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Extended Audio Sample Coming of Age in Mississippi, by Anne Moody Click for printable size audiobook cover
4 out of 54 out of 54 out of 54 out of 54 out of 5 4.00 (3,087 ratings) (rate this audio book) Author: Anne Moody Narrator: Lisa Reneé Pitts Publisher: Tantor Format: Unabridged Audiobook Delivery: Instant Download Audio Length: Release Date:
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Born to a poor couple who were tenant farmers on a plantation in Mississippi, Anne Moody lived through some of the most dangerous days of the pre-civil rights era in the South. The week before she began high school came the news of Emmet Till's lynching. Before then, she had "known the fear of hunger, hell, and the Devil. But now there was…the fear of being killed just because I was black." In that moment was born the passion for freedom and justice that would change her life.An all-A student whose dream of going to college is realized when she wins a basketball scholarship, she finally dares to join the NAACP in her junior year. Through the NAACP and later through CORE and SNCC she has first-hand experience of the demonstrations and sit-ins that were the mainstay of the civil rights movement, and the arrests and jailings, the shotguns, fire hoses, police dogs, billy clubs and deadly force that were used to destroy it.A deeply personal story but also a portrait of a turning point in our nation's destiny, this autobiography lets us see history in the making, through the eyes of one of the footsoldiers in the civil rights movement. Download and start listening now!

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Quotes & Awards

  • Simply one of the best, Anne Moody's autobiography is an eloquent, moving testimonial to . . . Courage. Chicago Tribune

Listener Opinions

  • 5 out of 55 out of 55 out of 55 out of 55 out of 5 by Alex | 2/6/2014

    " One of my all-time favorite books "

  • 5 out of 55 out of 55 out of 55 out of 55 out of 5 by Laura | 2/6/2014

    " This book, detailing the childhood and young adult years of a black grassroots civil rights worker and exceptional student in Mississippi, is a fast and gripping read, even 45 years after it was first written. Anne Moody writes in a matter-of-fact voice about the almost unimaginable poverty and lack of consistent familial support in which she grew up, of her growing involvement with the civil rights movement in the early 1960s, and of the emotional toll it took on her. Her relentless depiction of the movement through her own often-discouraged eyes is part of why this book continues to speak to readers after so many years: its authenticity shines through. Though published in 1968, the book ends with the beginning of Freedom Summer (summer of 1964) when thousands of mostly white college students came to Mississippi to supplement the work earlier civil rights workers had been doing there, infusing--for a while--new enthusiasm and energy into the heartbreakingly difficult, risky, and often terrifying effort to bring nonviolent change and basic rights and liberties to African Americans in Mississippi. I most enjoyed reading passages where her life intersected with those of other famous civil rights workers, like Bob Moses, Ed King, and Dave Dennis; I enjoyed having a chance to see them through her eyes. Its major contribution is to show a black, grassroots civil rights worker's living conditions and struggle in the apparently almost forgotten period before the Civil Rights Act and the Voting Rights Act of 1965 guaranteed basic rights to all citizens, and before there was any kind of safety net for poor people. "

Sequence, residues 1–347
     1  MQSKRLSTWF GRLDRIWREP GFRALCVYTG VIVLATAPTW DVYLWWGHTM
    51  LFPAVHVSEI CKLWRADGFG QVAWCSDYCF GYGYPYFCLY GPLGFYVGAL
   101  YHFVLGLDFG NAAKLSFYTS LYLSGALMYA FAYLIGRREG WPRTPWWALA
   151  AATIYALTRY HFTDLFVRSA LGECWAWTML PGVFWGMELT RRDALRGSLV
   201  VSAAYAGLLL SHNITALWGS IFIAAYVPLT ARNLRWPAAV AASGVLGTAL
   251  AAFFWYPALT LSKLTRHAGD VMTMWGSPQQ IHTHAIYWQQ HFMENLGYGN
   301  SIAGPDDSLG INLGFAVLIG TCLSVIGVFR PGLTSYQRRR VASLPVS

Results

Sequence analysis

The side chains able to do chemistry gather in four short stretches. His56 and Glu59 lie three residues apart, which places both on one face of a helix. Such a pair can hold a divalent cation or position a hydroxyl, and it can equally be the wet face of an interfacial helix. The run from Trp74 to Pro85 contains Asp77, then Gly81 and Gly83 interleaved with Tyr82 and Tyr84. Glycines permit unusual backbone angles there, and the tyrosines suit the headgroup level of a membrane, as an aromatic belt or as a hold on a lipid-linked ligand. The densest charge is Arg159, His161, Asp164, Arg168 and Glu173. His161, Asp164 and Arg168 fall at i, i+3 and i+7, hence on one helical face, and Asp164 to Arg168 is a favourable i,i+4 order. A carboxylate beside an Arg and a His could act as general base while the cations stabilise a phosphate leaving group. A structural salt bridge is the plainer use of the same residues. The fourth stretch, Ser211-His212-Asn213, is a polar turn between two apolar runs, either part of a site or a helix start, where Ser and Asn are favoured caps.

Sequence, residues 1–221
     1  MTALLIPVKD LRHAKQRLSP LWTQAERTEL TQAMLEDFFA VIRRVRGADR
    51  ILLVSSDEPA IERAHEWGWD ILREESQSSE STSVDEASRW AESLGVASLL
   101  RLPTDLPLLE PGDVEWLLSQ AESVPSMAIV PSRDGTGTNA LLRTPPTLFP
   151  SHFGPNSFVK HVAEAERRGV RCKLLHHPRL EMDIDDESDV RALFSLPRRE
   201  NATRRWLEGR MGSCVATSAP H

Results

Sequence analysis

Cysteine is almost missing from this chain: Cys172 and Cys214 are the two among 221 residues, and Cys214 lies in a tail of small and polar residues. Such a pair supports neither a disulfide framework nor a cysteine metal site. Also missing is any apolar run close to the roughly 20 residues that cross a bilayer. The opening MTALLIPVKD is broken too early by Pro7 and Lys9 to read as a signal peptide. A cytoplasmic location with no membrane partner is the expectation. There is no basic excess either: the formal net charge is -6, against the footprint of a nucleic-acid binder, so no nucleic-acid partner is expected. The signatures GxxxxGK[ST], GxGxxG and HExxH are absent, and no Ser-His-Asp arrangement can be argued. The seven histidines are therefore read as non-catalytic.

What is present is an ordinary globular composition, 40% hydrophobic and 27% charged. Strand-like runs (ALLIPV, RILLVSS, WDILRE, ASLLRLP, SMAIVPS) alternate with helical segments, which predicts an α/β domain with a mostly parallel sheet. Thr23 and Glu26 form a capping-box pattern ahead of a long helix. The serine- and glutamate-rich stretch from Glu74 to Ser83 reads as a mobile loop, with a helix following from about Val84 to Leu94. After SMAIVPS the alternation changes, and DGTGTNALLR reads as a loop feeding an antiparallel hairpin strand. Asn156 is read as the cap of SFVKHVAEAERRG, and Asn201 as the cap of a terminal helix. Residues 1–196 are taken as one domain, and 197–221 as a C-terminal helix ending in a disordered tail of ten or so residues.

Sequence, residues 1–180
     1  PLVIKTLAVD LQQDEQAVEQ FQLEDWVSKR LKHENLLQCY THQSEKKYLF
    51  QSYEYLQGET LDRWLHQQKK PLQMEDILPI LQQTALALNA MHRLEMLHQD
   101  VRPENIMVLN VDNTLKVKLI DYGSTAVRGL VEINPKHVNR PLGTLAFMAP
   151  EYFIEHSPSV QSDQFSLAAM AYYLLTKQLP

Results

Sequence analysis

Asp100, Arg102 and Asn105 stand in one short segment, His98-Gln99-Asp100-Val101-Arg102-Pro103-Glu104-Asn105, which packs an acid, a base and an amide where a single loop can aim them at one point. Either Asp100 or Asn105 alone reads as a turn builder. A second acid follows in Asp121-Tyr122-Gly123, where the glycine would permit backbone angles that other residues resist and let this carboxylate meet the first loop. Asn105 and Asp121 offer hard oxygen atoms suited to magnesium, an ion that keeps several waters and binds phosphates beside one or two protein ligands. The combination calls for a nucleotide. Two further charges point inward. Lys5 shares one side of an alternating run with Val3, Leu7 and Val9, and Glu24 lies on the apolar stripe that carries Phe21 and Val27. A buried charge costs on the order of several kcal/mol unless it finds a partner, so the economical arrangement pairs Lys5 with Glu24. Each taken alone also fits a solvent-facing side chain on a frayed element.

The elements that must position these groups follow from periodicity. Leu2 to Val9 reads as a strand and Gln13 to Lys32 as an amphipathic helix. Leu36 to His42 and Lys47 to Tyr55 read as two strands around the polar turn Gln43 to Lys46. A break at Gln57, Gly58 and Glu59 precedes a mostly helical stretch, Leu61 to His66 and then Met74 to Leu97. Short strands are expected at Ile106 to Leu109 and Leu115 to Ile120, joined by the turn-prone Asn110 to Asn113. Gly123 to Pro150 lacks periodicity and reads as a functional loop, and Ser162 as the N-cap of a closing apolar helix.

• 4 out of 54 out of 54 out of 54 out of 54 out of 5 by Stacey Brewer | 2/6/2014

    " I found this autobiography very thought provoking. I like that it was somewhat unemotional, just putting her facts out there. When you are going through something traumatic you often put the emotional aside and get down to the business of life. Your sacrifice and struggle become instinct. This book explored how we each make decisions to help or not help someone else. I only hope that if I had been alive during the civil rights movement I would have been one of those that stood up (or sat down)for equal rights and that I live my life today with that same expectation. "

  • 5 out of 55 out of 55 out of 55 out of 55 out of 5 by Melanie Sandy | 1/30/2014

    " If you think you were "inspired" by "The Help," you should read this amazing autobiography instead. This is real southern life in the 1940s-60s. "

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